If the dish warrants a starch I’ll usually default to mashed potatoes because my dad LOVES them.  A few weeks ago I switched it up and made Deb Perlman’s mashed Yukon golds with browned butter and buttermilk that were fantastic served with tomato glazed meatloaf .  Depending on the maindish, I cook a vegetable and usually also make a green salad because I love a simple romaine salad with a lemony mustard vinaigrette and parmesan.  Because my dad is not a green salad fan, I’ll do broccoli, Brussels sprouts, asparagus, beets, etc. but I will frequently serve them with a flavored butter or vinaigrette so they have a little kick.  Most weekends, I make two loaves of bread from the amazing book by Ken Forkish, “Flour, Water, Salt, Yeast” (go buy it now!) or if the meal doesn’t lend itself well to bread, I’ll make popovers which are a favorite and so much easier! Tonight with our corned beef we’re having Irish Soda bread.

Dessert can be as simple as tonight’s  Barefoot Contessa Chocolate Chunk Blondies or as elaborate as the Maida Heatter chocolate cake I made last week.  One week I served all the leftover bits and pieces I’d frozen from previous dinners, not the biggest hit, but it sure was easy!  Soon the rhubarb will be ready and we’ll have four to five weeks of rhubarb desserts.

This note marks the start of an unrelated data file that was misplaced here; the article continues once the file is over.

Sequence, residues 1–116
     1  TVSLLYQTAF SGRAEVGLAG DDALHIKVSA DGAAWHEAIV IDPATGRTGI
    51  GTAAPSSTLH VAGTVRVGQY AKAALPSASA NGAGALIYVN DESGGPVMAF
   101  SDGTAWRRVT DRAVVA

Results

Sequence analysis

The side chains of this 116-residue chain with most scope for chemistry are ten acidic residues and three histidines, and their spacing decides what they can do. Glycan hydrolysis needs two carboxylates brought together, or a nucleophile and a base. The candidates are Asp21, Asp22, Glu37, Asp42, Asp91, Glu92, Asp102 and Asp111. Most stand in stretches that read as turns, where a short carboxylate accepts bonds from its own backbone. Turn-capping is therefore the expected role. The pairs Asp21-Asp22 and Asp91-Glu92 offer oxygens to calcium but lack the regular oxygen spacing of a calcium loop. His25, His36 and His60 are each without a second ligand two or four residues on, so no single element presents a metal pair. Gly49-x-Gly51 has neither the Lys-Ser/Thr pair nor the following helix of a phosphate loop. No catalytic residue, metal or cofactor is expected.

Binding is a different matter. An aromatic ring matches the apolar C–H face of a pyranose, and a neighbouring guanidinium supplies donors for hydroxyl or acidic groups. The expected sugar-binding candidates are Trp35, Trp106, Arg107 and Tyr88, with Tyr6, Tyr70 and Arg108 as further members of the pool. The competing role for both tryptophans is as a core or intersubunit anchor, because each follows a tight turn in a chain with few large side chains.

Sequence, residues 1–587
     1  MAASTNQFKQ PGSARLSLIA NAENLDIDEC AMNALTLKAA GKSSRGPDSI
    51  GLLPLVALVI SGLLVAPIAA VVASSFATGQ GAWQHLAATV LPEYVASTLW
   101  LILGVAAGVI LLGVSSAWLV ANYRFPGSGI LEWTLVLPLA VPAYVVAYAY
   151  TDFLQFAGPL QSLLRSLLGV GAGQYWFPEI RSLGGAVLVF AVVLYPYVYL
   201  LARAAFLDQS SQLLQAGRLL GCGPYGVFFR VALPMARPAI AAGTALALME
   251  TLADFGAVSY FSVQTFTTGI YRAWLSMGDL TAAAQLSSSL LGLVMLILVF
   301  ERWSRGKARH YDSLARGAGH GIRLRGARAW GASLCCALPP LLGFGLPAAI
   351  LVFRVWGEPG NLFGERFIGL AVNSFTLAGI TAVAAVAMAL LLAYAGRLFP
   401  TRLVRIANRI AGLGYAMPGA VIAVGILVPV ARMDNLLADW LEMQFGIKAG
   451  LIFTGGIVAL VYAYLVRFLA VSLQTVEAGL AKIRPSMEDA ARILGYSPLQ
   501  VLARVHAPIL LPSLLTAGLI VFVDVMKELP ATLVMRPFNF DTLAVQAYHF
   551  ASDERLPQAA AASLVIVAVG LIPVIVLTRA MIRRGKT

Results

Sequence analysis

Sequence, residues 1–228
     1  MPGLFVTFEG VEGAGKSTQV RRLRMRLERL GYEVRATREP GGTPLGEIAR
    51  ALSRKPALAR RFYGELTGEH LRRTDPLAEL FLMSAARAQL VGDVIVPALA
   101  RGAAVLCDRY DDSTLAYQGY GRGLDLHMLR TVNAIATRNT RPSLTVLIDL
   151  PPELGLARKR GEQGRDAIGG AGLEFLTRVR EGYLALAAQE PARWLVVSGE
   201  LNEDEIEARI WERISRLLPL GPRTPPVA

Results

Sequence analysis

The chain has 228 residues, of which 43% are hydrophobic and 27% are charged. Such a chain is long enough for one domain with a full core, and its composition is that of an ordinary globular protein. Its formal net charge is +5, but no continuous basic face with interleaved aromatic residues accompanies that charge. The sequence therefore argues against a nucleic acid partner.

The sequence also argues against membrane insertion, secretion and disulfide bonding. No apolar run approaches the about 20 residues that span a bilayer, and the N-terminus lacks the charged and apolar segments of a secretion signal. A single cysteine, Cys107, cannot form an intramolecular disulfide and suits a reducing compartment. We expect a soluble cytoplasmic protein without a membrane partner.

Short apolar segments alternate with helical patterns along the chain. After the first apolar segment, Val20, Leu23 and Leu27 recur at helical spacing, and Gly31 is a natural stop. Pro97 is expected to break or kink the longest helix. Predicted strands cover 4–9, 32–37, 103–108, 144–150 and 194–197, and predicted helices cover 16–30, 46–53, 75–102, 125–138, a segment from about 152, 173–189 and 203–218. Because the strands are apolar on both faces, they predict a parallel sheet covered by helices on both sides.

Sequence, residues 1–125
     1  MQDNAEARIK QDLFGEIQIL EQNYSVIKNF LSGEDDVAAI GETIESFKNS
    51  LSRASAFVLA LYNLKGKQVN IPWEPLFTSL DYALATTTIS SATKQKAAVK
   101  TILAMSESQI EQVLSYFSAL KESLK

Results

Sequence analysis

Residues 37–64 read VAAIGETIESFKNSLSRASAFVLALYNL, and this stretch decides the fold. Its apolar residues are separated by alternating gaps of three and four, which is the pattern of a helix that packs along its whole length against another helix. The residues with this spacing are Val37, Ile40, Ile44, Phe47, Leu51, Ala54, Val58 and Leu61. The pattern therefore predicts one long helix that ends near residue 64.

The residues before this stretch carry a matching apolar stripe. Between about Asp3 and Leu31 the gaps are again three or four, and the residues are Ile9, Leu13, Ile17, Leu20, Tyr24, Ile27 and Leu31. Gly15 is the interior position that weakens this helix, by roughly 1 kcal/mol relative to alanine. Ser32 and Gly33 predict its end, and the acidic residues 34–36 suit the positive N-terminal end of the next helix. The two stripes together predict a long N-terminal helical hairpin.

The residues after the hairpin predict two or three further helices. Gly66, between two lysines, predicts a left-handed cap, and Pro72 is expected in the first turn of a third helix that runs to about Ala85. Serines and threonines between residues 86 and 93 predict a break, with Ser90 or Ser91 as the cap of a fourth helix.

I set the table every week, trying to make it a step up from the weeknight and not as fancy as the holidays. I own a lot of white serving pieces (bowls, platters, etc.) and my everyday dishes, as well as my china, are also white, which makes it so easy to change the look with a tablecloth or placemats and the food always looks good in white. I rarely serve the main dish from the pot, unless it’s something that would be risky to try to transfer to another dish. Because I am the daughter of Ida, I also own a lot of stemware, so cocktails are always in a fancy glass. I try to find fresh flowers from my yard or the store but I loathe to spend a fortune on them.  Last weeks camellias were courtesy of the vacant house at the end of the street. If I was honest, I would say there are five components to family dinner, because the clean-up is definitely part of the deal.  Jack usually helps me and and all those dishes I did as a kid also helps, because, I don’t want to boast, but I can wash dishes/clean a kitchen in record time.  Monday night is usually spent unloading the dishwasher and putting all the serving pieces away in my sewing/dish storage closet, while hopefully eating leftovers!

The reality is, it is a lot of work to have people for dinner every week but it’s work I love.  It does not need to be as elaborate as I make it but that’s the fun part for me. Now that the kids are grown and gone, I’m not really sure what to do on the weekends, and this fills my time and fulfills the creative side of me (and allows me to justify my cookbook/kitchen tool habit!). And I get to spend time with people I love. Maybe someday more people I love will be around to come for cocktails at 5?